In late August 1951 fellow “Army brat” Van C. and I decided to join the Air Force in Germany. Both of us were recent high school grads– Van from Munich, and I from Nurnberg. There were no recruiting offices. It was all word of mouth from Frankfurt or Wiesbaden.
We departed the Bahnhof in Bamberg where we were living to Sonthofen. Sonthofen is located in an enclave in southwestern Bavaria near the Swiss and Austrian borders. The United States Air Force Europe (USAFE) basic training was conducted in Ordensburg Sonthofen a Kaswerne, known as Burg Sonthofen. Burg Sonthofen had originally been constructed as a school known as the Adolf Hitler Schule to train youthful candidates for leadership within the Nazi party.
Our class, which was the third USAFE class at Sonthofen, included recruits from throughout England, Germany, France, Spain, Norway and Sweden. We were a mixed trendy lot, doing our marching, some in uniforms and boots, others in civilian clothes and shoes.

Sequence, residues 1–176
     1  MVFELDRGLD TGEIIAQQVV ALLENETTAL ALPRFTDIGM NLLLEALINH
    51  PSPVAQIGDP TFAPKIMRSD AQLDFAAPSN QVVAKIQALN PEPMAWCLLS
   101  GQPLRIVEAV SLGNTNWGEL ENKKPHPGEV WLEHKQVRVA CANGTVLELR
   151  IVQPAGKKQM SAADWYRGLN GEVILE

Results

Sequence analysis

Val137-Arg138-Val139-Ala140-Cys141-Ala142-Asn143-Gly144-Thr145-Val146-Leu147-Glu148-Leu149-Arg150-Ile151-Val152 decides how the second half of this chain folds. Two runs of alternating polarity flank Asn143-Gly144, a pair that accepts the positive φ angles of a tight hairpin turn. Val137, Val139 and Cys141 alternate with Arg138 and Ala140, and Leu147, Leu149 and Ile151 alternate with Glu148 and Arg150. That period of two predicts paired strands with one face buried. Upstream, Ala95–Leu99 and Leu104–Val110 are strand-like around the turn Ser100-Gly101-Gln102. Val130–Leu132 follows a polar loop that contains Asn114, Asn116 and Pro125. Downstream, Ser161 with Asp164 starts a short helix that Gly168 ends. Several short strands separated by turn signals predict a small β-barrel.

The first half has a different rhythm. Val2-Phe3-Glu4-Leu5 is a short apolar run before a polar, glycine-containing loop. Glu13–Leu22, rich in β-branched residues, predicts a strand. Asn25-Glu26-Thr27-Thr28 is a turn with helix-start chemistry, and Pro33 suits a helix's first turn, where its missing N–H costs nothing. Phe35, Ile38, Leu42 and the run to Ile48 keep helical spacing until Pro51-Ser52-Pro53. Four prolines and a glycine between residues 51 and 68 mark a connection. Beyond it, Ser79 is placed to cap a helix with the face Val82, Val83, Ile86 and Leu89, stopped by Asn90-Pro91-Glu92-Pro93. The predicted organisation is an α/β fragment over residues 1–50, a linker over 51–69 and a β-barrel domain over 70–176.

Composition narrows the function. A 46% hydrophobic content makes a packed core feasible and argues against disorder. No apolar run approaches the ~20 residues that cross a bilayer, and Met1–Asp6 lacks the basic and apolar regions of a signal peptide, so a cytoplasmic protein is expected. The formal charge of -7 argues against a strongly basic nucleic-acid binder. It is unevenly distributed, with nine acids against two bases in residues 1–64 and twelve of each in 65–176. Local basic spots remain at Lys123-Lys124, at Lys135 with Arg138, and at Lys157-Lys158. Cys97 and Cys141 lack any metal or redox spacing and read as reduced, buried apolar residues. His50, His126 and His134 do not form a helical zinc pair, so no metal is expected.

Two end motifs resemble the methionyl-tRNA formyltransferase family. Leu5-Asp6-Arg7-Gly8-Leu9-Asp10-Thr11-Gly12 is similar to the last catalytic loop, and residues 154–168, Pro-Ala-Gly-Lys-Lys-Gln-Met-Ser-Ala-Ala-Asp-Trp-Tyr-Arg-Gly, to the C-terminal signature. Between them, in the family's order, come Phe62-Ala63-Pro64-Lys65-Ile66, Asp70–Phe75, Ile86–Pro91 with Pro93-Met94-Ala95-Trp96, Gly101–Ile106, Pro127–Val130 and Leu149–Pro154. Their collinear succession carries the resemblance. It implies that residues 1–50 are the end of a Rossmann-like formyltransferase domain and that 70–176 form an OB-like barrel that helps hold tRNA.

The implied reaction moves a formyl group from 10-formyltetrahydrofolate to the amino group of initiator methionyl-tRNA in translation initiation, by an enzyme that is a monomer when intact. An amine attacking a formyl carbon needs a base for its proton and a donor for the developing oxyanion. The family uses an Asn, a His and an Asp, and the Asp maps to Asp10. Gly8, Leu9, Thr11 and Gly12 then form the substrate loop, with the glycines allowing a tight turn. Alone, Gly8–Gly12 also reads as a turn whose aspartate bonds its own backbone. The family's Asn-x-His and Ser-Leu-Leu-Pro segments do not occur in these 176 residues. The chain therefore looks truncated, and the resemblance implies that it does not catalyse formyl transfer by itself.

The English language was a problem for many, and, as stated in the Air Force unit history, was one reason for the close of the USAFE. After graduating only 143 recruits in Sonthofen, the program moved in March 1952 to Royal Air Force Station Sealand, Wales, England, Here, too, the program failed, with only 200 recruits passing through Sealand. Between language problems and lack of recruits, USAFE inactivated this basic training program March 31, 1953.
Both Van and I went on to retire as AF Master Sergeants.